It seems like every day there is another “crisis of trust.” Survey after survey indicates our declining trust – in our institutions, public and private; in our public servants; in the media.
And no-one offers a solution – one pundit may claim we should simply put aside any questions or doubts, and just trust – blindly; another may opine that there are very good reasons we don’t trust as much as we once did. But these opinions solve nothing.
In a November 2017 interview, Rachel Botsman, visiting lecturer at Oxford University’s Saïd Business School and author of “Who Can You Trust? How Technology Brought Us Together – and Why It Could Drive Us Apart,” offered the following:
“We don’t need more trust, we need more trustworthiness.”
Perhaps she is on to something. Perhaps the best way to promote trust is for us to make a conscious decision to be more trustworthy ourselves.
Most of us, I believe, act in good faith and out of good will. But are we paying enough attention to our own words and actions? Are we letting others down without meaning to?
Trustworthy people are easy to recognize – look for the following traits they share:
• Authenticity – they aren’t trying to be anyone they are not, nor do they put themselves above others. Trustworthy people act from a core of self-honesty which radiates throughout their actions.
•Consistency – while everyone has an off day on occasion, trustworthy people act from good motives as a matter of course.
•Integrity – they do the right thing when there’s no-one watching.
•Compassion – trustworthy people put themselves in others’ shoes, and then walk in them. They don’t make snap judgments before making an effort to understand the person and situation.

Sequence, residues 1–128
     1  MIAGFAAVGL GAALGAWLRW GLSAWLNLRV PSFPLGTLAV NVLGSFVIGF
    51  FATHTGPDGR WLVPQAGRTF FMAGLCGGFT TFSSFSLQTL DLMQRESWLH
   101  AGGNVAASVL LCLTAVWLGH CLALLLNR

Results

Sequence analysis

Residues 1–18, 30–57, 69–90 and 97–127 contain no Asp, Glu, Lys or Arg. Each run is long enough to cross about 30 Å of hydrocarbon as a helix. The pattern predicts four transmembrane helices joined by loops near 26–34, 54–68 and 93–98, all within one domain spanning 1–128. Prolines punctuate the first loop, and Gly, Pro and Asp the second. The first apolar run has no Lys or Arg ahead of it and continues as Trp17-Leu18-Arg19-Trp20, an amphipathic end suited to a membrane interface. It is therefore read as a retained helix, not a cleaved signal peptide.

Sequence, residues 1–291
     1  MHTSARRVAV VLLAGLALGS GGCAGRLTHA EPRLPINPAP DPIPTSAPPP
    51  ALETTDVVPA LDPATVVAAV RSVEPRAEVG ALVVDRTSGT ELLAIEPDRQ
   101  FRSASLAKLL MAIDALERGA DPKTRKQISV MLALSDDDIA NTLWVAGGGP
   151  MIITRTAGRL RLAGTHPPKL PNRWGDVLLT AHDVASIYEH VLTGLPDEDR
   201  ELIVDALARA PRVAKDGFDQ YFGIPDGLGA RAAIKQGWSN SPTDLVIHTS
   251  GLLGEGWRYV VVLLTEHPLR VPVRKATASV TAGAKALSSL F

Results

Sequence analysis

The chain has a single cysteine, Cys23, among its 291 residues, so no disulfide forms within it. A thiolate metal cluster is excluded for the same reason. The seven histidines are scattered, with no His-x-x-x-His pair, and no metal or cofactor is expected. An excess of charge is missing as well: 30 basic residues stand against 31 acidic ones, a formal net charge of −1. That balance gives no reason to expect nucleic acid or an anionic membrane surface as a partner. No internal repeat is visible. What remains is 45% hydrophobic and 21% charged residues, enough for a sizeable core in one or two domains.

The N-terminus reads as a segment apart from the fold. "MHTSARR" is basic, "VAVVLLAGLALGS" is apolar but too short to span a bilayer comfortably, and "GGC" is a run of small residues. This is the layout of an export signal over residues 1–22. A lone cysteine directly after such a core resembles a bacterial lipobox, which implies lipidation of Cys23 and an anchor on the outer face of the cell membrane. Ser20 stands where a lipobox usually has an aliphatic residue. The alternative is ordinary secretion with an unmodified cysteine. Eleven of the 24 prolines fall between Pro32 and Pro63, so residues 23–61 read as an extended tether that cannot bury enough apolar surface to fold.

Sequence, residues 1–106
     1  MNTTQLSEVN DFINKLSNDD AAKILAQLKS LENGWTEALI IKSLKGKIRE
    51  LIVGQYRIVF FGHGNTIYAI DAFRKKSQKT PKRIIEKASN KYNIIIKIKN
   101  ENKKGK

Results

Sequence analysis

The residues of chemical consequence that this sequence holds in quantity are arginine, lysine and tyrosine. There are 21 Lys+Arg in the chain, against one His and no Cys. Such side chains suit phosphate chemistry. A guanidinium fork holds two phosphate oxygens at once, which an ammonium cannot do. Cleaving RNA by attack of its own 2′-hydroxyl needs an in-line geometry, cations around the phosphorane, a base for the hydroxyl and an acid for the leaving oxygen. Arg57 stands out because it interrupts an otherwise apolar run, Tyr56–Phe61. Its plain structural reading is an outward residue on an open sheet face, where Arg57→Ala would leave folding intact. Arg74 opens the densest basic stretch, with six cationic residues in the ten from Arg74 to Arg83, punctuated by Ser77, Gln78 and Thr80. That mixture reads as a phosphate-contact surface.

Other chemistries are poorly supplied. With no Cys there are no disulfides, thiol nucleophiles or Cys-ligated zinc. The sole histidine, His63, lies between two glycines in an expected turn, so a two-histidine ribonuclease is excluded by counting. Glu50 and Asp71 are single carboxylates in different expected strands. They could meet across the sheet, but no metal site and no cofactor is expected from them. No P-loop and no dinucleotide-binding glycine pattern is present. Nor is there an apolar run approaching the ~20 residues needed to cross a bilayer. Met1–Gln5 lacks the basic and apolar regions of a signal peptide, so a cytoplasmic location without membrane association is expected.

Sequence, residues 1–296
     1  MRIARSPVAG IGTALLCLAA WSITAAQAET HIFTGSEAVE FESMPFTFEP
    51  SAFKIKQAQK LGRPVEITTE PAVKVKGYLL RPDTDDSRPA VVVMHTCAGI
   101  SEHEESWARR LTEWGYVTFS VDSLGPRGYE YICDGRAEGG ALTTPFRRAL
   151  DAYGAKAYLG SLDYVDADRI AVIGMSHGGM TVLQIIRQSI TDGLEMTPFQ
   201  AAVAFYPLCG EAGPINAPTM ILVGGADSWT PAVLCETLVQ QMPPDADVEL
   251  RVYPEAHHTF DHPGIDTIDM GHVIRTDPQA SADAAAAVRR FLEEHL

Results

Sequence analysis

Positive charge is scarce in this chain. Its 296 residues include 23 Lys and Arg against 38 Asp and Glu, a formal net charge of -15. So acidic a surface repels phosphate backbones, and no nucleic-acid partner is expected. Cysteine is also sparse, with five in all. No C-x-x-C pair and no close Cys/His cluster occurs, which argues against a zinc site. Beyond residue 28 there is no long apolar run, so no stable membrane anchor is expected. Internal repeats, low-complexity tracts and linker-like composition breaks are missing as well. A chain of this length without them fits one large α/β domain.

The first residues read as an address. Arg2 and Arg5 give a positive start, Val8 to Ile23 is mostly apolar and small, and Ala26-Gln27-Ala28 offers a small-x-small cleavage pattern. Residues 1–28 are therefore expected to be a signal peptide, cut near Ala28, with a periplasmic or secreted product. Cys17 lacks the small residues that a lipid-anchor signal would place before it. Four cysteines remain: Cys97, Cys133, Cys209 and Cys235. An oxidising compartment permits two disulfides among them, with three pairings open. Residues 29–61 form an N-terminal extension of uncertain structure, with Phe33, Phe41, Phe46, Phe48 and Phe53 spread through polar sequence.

•Kindness – they consistently look out for others’ interests. Trustworthy people are never merely “fair-weather” friends.
•Resourcefulness – they are always looking for ways to learn, grow, improve. And, knowing there is room for them to be better, they inspire and support others to do the same.
•Connectivity – they gather and align themselves with other trustworthy people, and with those whose expertise can help them grow.
•Humility – trustworthy people don’t hog the glory – they make sure everyone’s contribution is recognized and celebrated.
•Availability – they go out of their way to make time to support others’ needs – they are there for them.
Trust isn’t terribly hard to gain – one-on-one, most people are generous of spirit, and a good faith effort goes a long way. But it’s even easier to lose – and once lost, hard to reclaim.
So, maybe we should focus on becoming even more trustworthy ourselves.
Let us light candles, rather than curse in the darkness.
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Until next Wednesday -